Why is Iran so bent on confronting the United States over nuclear weapons?
Don't Panic ... Your War Questions Answered
The growing tension between Iran and the U.S. scares me.
In one corner, you've got a powerful nation led by a beady-eyed religious fanatic whose boorish nationalism and belligerent speeches scare the crap out of most of the civilized world.
In the other corner, you've got Iran.
Iran is developing nuclear weapons. The country's leaders deny it. They say that they're just developing the technology to enrich uranium for power production. For all practical purposes, however, "developing nuclear weapons" and "developing the technology to enrich uranium for power production" are the same thing. Allow me to drop some mad science on yo ass and explain.
Iran has nuclear reactors. We know that. Everybody knows that. Reactors use low-level enriched uranium as fuel. Like other countries that don't make their own low-level enriched uranium, Iran imports it from other countries. Iran says that it wants to enrich its own uranium simply as a step toward self-sufficiency.
The problem is that the devices used to make low-level enriched uranium are the same devices used to make the high-level enriched uranium found in nuclear weapons. Once Iran has the ability to enrich uranium, the only things stopping it from building a nuke would be responsibility, decency and moderation. Ever since Iran's murderous, theocratic leaders seized control of the country more than a quarter-century ago, those three words are seldom associated with the government in Tehran.
Iran voluntarily suspended most (but probably not all) of its uranium enrichment activities in 2004 and 2005 while it negotiated with a diplomatic delegation from France, Germany and Britain (known collectively as the EU3).
The EU3 did an admirable of job of trying to get Iran to give up its enrichment ambitions, but the effort failed. Iran resumed its nuclear enrichment regime earlier this month.
The EU3 effort actually was doomed from the outset. Why? Because the EU3 is a bunch of cheese-eating, wine-drinking pansies with a name that makes them seem like a boy band?
No, but good guess.
Actually, the EU3 effort failed because neither England, France nor Germany has any bargaining leverage with Iran. They can't give Iran what it wants, nor can they take away much of what it needs.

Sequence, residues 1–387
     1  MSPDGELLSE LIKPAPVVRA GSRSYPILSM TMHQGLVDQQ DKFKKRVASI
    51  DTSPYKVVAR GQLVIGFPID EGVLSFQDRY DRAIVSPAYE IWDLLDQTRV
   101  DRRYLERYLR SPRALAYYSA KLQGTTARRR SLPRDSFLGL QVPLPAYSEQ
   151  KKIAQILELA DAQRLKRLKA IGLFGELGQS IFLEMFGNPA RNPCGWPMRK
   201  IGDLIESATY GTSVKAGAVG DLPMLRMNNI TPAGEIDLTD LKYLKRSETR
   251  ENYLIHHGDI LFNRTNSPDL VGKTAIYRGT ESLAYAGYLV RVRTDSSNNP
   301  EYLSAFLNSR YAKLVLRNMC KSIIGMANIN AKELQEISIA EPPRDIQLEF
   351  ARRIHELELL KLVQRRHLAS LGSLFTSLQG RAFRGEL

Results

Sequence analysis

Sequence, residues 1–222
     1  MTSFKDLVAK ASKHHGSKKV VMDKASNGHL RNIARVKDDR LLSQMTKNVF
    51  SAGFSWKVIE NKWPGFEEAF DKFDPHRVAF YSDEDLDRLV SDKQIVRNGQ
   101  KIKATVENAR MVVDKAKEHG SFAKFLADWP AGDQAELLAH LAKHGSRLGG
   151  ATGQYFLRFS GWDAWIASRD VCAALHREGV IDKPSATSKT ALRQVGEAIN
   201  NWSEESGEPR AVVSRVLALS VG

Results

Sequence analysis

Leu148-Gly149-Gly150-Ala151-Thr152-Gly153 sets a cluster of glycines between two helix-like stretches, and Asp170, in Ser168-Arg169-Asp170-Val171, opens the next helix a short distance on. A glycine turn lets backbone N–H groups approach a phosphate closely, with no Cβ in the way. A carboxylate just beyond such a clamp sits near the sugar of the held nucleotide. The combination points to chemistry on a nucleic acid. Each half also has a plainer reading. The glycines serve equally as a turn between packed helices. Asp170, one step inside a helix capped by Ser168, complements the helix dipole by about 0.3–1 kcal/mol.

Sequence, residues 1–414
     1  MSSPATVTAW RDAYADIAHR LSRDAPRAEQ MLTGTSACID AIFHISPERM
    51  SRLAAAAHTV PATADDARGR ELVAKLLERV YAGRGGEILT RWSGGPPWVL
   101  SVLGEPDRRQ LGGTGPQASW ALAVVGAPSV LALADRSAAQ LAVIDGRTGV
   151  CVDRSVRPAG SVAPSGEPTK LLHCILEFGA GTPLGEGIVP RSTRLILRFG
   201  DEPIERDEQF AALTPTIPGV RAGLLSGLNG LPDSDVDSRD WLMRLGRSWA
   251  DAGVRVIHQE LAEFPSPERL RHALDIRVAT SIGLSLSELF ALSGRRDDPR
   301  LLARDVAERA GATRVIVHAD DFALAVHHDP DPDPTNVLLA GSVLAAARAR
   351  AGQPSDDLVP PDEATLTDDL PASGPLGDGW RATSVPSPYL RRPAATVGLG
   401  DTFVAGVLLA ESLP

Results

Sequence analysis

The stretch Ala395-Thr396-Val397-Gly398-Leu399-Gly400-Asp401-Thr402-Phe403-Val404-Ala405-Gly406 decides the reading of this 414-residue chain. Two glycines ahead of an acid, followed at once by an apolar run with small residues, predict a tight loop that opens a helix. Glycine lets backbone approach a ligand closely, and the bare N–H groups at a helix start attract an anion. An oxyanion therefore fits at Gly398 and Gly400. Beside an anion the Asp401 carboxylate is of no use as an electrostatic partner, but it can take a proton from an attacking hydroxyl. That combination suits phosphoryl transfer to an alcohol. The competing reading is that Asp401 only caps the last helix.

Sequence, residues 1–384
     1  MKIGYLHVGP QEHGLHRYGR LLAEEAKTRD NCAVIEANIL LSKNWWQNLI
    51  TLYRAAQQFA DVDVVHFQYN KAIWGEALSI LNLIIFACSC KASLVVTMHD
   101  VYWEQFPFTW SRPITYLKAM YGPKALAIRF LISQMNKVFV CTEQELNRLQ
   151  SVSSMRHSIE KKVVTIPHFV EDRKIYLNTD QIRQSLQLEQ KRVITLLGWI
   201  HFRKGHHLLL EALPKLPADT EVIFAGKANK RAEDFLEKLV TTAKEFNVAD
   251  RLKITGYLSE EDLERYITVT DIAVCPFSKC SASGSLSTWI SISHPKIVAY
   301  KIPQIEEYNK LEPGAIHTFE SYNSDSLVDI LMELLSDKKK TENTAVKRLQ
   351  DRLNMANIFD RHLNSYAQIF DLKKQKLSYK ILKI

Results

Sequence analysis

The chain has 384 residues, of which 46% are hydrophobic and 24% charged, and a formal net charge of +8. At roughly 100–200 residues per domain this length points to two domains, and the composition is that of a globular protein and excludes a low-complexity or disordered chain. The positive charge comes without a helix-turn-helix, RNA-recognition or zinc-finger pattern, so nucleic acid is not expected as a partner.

What does Iran want? Security. Remember how Bush used to go on about how Iran is part of an "Axis of Evil"? Iran remembers, too. Its leaders also have noticed that Republican talking heads — some influential, some less-so — like to talk and write about who should be next in the queue for regime change after Afghanistan and Iraq.
A Bush administration attempt at regime change in Iran wouldn't be the first time the United States has tried that move. In 1953, the CIA toppled Iran's last real democratic leader and replaced him with a pro-American king, Mohammed Reza Shah Pahlavi. The Islamic revolution that put the current jackasses in power in 1979 was, in large part, the explosive backlash against the jackass that the U.S. put in power in 1953.
Iran's leaders also are very aware that the United States has significant military forces in three countries (Iraq, Afghanistan and Turkey) that share land borders with Iran. In addition, the U.S. has bases in more than a half-dozen nearby Arab and central Asian nations, all of which put Iran within easy striking distance of U.S. forces. Iran wants nuclear weapons as insurance that the U.S. won't try a regime change.
Fear of a nuclear response effectively has kept us from messing with North Korea. Iran has noticed that, too.
The situation is more complex than that, though. Iran also is interested in standing shoulder-to-shoulder with Israel, the Middle East's only nuclear power and its dominant conventional military power. A nuclear-armed Iran would shift the balance of power in the Middle East.
That's a big topic for another column.